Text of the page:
Tiltaing, the arm of Tilta that let's you submit product ideas, has a new screen adapter for the Blackmagic Pocket Cinema Camera that improves its display versatility.
The Blackmagic Pocket Cinema 4K and 6K cameras have been a huge hit for a whole host of reasons. Amazing resolution, RAW shooting, a tremendous amount of workflow flexibility, including shooting to SSD or straight to a thumb drive, and a tight integration with Blackmagic post tools – all at low price point.
One area that has left some filmmakers frustrated is its ergonomics, especially the lack of a tilting screening. For a camera intended to this compact, a tilting screen for handheld movements seems like a no-brainer. It lets you put the camera near the ground or at the top of your reach and still see the image. Without it or a separate monitor, it limits the kinds of shots you can accomplish. To solve that problem, the Tiltaing development program has released a tilt screen modification for the Blackmagic Pocket Cinema Cameras.
The modification, which has to be done by Tilta, only adds an additional 66 grams to the camera package, but it will help tremendously in setting up the camera for a wide variety of viewing situations that wouldn't be possible others. It's made from aluminum-alloy, carbon fiber, and stainless steel to flip the screen 180° for self shooting.
In the above image you'll see what appears to be a removable drive mag at the bottom of the area where the screen used to be, but that's not a battery, it's actually a mount for international storage, either SATA based SDD or NVMe. Using an adapter to turn around the external USB-C port on the left side of the camera, you can now mount storage into a position that is much more ergonomic than sticking it off to the side. While you could just stick a USB stick into the slot and shoot right, if you do so you always run the risk of the USB just getting whacked while you walk around. Moving the storage to an internal position avoids that, and also offers the blazing fast speeds of NVMe.
Particularly interesting about this modification is that it's coming out relatively late into the lifecycle of the camera line, especially the 4K. We're currently 2 years into the life of the Blackmagic Pocket 4K, which is generally "mid cycle" on a digital camera and isn't a time where you see a huge volume of new accessories. Accessory makers usually put most of their effort into the first few months to a year of a new platform to come out with compatible accessories.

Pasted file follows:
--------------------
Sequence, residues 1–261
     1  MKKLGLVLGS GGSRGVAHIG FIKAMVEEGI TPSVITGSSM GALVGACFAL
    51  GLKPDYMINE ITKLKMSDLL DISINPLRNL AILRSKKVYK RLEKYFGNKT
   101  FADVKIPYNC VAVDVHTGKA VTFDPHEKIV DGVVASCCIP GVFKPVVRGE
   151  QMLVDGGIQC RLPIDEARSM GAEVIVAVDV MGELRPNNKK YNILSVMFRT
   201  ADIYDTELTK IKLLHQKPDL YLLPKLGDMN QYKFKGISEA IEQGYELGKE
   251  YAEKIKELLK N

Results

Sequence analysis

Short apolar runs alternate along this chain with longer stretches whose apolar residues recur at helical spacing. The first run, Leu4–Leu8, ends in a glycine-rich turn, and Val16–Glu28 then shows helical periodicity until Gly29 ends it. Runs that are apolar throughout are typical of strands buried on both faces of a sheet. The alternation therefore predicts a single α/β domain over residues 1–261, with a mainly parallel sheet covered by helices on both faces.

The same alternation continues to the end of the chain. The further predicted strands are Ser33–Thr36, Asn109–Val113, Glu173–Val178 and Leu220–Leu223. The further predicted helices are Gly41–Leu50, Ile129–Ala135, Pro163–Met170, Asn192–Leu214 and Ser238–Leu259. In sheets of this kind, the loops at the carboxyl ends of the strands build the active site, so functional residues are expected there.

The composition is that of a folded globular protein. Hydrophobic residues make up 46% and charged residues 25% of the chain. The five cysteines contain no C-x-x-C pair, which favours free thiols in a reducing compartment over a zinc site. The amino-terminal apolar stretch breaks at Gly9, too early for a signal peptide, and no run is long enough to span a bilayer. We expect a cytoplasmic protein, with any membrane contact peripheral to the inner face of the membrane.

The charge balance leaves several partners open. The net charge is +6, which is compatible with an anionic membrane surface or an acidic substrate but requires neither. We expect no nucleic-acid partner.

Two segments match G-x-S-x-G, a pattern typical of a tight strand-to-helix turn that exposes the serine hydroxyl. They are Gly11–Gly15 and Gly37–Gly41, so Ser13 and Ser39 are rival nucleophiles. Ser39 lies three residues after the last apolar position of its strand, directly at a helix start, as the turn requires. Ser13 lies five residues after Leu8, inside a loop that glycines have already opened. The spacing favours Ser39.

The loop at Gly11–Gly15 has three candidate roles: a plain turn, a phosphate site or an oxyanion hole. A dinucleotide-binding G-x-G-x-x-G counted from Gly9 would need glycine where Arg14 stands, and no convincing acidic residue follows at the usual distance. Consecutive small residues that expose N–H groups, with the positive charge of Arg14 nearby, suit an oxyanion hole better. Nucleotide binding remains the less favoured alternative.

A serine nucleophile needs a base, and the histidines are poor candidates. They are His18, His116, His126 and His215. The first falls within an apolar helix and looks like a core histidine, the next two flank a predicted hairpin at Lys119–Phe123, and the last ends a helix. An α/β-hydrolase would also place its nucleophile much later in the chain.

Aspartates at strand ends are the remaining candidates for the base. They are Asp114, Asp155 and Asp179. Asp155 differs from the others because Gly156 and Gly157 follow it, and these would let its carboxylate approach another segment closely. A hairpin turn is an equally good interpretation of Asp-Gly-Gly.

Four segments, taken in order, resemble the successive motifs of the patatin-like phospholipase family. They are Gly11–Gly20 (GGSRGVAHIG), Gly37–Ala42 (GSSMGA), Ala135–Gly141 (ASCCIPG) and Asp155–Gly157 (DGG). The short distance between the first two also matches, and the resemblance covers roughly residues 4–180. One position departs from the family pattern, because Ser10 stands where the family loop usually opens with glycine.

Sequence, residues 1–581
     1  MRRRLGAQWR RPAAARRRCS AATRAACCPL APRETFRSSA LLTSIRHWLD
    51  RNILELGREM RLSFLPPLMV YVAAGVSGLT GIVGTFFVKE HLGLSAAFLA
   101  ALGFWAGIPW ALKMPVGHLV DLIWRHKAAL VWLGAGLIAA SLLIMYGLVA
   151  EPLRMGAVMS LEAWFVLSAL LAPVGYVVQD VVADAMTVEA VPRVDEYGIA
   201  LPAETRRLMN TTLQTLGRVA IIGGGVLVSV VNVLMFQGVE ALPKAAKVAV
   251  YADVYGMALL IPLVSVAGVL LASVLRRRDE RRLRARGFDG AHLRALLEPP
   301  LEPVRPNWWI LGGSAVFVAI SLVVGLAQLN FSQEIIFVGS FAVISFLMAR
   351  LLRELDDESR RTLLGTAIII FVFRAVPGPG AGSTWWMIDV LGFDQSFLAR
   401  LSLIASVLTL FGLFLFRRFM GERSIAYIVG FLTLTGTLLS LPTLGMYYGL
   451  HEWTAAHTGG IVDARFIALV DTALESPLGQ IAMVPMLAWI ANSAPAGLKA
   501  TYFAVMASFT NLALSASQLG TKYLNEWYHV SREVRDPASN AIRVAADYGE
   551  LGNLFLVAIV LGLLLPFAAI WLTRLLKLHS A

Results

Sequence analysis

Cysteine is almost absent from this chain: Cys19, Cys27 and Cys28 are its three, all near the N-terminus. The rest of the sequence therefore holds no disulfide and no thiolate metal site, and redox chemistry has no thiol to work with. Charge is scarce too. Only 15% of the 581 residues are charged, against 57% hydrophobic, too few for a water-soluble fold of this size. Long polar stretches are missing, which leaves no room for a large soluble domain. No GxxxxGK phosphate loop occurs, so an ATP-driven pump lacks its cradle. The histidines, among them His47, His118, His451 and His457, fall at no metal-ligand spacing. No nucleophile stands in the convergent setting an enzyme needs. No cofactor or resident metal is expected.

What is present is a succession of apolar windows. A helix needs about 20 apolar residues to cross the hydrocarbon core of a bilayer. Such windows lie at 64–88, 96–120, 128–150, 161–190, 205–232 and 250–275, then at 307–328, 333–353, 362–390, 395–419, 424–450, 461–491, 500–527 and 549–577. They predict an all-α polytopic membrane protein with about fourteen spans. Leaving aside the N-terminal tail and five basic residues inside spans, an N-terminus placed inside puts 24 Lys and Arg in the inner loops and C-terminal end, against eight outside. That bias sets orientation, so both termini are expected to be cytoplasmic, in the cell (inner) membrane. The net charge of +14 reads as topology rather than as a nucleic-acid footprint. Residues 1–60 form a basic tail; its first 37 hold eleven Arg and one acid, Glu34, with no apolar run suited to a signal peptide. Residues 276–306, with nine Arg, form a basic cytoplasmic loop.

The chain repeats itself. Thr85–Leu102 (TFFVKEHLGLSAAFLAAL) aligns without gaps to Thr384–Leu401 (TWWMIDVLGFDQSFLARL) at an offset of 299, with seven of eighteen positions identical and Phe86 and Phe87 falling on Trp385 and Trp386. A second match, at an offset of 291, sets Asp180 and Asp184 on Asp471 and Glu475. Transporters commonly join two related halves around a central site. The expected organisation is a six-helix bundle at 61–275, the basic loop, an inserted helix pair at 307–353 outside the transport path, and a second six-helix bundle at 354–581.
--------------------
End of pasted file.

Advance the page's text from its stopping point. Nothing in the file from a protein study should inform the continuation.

The fact Tiltaing is willing to put resources into this point in the release cycle says a lot about their faith in the continued popularity of the camera platform. This product is a result, in fact, of their new Open Project Development platform where anyone can submit ideas for new products. Similar to consumer platforms like Quirky, it's good to see the possibility for users to be able to contribute to the creation of the tools they want to use.
The biggest hurdle is that this work really requires sending in your camera to the Tilta facility in Burbank, California to do the conversion, which will take 3-5 business days, plus any additional time dealing with the shipping. However, if you can live without your camera for two weeks, it is worthwhile upgrade to consider for more flexible shooting.
You can also do the modification yourself, and while we're big DIY folks here, there is one particular question in the FAQ that makes me a bit nervous: If you can't finish it yourself, they won't finish it for you, they only work on unmodified cameras. This seems like a fair policy, especially if you broke something major while trying to do the installation yourself, but also really points to a company that is aware this install might be beyond the normal DIY type project.
Pricing & Availability
Depending on the modification kit, it can cost anywhere from $279 - $548. Find out more at Tilta.